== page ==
What Makes Up a Credit Score?
As we shared in our recent blog – What is Credit? – having a basic understanding of credit, along with how your actions can impact your score, is crucial to starting your journey to a better credit score. In this blog, we’re breaking down the specifics of what exactly makes up a credit score, so you know what areas to focus on.
What Makes Up a Credit Score
Your credit score is determined by a variety of factors. Here's how it breaks down:
Payment History – 35%
The most important factor in your credit score includes account payment information, adverse public records and the amount of any delinquent accounts or past due items. Making consistent, on-time payments can help you maintain this portion of your credit score. In fact, missed or late payments can stay on your credit record for 7 years, so consider setting up automatic payments or payment reminder alerts.
Amounts Owed – 30%
Also called credit utilization, this slice of your score consists of outstanding balances on your accounts and the proportion of your balances to your total credit limit. As a rule of thumb, aim to use less than 30% of your available credit. For example, if you have a credit limit of $10,000, try to keep your balances at $3,000 or below at any given time. Beyond its impacts to your score, maintaining lower balances can also help in case of emergencies and ensures you don’t overspend on credit.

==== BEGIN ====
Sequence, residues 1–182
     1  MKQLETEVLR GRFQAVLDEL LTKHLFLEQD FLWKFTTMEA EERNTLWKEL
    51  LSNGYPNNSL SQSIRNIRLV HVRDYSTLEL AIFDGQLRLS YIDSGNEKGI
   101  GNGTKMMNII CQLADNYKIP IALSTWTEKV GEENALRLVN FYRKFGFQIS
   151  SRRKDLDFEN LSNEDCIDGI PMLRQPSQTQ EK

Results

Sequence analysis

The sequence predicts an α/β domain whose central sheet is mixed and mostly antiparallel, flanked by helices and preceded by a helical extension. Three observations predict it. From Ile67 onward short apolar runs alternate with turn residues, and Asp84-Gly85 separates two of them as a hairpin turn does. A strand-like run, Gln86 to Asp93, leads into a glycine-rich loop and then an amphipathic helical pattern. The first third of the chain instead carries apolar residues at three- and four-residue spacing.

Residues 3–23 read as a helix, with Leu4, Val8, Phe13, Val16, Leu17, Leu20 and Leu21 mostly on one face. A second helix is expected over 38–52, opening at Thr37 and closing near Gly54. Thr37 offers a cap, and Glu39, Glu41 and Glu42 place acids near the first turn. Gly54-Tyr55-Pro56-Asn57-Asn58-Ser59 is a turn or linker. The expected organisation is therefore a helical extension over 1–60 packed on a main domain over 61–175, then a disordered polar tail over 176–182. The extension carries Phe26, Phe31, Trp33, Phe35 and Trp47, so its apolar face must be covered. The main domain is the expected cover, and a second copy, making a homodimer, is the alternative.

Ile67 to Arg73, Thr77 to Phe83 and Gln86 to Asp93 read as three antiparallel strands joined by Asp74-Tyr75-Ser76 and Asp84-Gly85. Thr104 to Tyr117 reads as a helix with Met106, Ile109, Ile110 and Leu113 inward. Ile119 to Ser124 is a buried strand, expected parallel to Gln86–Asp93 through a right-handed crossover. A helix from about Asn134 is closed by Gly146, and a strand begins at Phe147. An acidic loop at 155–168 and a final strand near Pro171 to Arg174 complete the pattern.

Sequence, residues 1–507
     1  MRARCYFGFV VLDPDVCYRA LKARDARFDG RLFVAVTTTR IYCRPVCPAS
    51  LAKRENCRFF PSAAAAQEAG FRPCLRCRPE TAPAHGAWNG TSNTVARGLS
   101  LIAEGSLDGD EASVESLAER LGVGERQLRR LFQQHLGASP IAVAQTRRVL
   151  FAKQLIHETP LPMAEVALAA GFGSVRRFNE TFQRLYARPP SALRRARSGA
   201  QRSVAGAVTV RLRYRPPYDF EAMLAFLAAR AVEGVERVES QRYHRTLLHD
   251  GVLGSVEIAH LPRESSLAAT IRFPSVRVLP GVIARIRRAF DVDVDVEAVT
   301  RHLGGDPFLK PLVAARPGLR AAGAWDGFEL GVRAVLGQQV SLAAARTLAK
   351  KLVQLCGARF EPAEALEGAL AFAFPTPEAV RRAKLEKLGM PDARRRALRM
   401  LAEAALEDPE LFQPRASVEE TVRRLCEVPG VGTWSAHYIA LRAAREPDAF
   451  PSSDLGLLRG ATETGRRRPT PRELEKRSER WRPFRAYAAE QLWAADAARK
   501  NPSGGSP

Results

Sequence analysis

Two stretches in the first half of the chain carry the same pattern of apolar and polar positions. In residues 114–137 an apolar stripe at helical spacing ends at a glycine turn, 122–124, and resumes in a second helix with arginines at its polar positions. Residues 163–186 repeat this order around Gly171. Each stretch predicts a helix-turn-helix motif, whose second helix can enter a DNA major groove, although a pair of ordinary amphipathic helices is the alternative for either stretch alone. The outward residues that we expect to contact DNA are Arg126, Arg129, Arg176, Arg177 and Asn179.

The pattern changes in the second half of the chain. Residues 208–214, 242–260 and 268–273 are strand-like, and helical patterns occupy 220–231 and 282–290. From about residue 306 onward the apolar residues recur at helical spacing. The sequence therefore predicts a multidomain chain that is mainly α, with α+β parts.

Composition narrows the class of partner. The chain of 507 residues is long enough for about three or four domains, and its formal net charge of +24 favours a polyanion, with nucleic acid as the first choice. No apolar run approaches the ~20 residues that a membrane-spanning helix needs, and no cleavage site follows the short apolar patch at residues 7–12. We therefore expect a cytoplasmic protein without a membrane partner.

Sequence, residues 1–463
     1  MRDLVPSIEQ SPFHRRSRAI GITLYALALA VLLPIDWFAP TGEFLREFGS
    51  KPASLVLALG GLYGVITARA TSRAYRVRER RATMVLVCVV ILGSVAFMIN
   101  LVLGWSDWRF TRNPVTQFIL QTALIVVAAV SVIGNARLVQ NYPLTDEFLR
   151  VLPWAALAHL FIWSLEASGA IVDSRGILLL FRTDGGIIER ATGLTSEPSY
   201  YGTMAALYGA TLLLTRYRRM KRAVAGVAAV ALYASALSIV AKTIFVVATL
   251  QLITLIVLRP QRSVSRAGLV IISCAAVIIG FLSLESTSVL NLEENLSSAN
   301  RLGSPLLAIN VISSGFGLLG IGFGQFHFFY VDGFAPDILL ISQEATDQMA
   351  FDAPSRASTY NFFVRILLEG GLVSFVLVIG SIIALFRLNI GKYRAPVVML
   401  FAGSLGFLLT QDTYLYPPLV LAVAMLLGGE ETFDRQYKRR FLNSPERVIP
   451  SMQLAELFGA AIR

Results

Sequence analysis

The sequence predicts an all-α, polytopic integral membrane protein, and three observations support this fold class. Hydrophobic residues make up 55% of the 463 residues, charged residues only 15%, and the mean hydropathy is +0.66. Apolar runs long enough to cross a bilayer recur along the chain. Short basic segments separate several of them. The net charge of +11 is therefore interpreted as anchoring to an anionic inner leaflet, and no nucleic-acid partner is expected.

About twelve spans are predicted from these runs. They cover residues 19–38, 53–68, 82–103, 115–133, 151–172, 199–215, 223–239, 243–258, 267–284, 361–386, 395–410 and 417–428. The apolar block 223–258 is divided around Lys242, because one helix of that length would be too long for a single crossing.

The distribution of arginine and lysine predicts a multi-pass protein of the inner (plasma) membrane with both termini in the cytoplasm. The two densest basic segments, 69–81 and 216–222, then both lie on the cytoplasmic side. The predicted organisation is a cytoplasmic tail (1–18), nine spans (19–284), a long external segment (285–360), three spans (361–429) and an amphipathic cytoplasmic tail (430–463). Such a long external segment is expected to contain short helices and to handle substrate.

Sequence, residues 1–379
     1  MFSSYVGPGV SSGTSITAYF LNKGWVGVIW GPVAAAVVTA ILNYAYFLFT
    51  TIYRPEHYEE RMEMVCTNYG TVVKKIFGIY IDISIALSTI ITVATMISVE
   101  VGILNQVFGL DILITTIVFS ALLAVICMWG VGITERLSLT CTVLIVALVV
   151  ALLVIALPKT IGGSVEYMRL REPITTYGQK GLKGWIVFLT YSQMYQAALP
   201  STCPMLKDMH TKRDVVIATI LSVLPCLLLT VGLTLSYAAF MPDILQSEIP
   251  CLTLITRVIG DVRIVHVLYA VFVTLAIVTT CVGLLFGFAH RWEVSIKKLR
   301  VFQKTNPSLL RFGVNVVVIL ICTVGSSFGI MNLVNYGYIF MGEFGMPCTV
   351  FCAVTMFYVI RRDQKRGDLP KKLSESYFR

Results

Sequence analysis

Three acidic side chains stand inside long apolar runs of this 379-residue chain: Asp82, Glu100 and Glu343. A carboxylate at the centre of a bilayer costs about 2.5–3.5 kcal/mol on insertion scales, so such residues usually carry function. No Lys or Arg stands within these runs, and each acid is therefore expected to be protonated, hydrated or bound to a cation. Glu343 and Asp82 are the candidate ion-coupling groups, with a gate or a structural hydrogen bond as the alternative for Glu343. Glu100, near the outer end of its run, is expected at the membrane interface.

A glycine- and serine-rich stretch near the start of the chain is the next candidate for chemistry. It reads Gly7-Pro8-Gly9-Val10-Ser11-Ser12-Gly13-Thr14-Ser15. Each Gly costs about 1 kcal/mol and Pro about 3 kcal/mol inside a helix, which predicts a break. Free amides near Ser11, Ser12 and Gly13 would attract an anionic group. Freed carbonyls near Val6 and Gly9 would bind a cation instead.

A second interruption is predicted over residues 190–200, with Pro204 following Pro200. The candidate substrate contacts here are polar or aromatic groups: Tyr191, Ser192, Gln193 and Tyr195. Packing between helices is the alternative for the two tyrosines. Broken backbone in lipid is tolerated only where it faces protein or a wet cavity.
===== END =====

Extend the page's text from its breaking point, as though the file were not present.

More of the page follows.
Length of Credit History – 15%
This piece of the credit score puzzle represents the amount of time since account opening. You should be mindful if you're looking to cancel a credit card, to choose one you've had the least amount of time. If you close a credit account with a positive history you've had for a longer period of time, it may cut your credit history short and negatively impact your score.
Type of Credit – 10%
The total number of various types of accounts makes up this part of your credit score. Once you've gained some experience and are comfortable managing your credit, try to diversify your credit lines. Utilizing different types of credit, from student and auto loans to mortgages and credit cards, can help give your score a boost.
New Credit – 10%
The final piece includes the number of recently opened accounts and recent inquiries. Every time you apply for or open a new loan or credit card it causes a hard inquiry, which can create a slight drop in your score. Hard inquiries stay on your credit report for two years so be strategic about when you open new types of credit to avoid applying too frequently.
To find out where your credit stands, you can request a free credit report at AnnualCreditReport.com. It's a good idea to do so annually to make sure your report is accurate and doesn't contain any errors or fraudulent activity.
More than a Score
There’s no denying the significance of credit, but it’s also important to remember that your score is not the end all be all for your financial health. Other important areas like budgeting, saving, and investing all contribute to your financial outlook. Always keep the big picture in mind and know that your credit is only one indicator of your overall financial well-being!
If you have questions about your credit history, building credit, or would like to meet with a CommunityAmerica representative to discuss your financial picture in general, contact a certified Well-Being Coach today, or visit your nearest branch.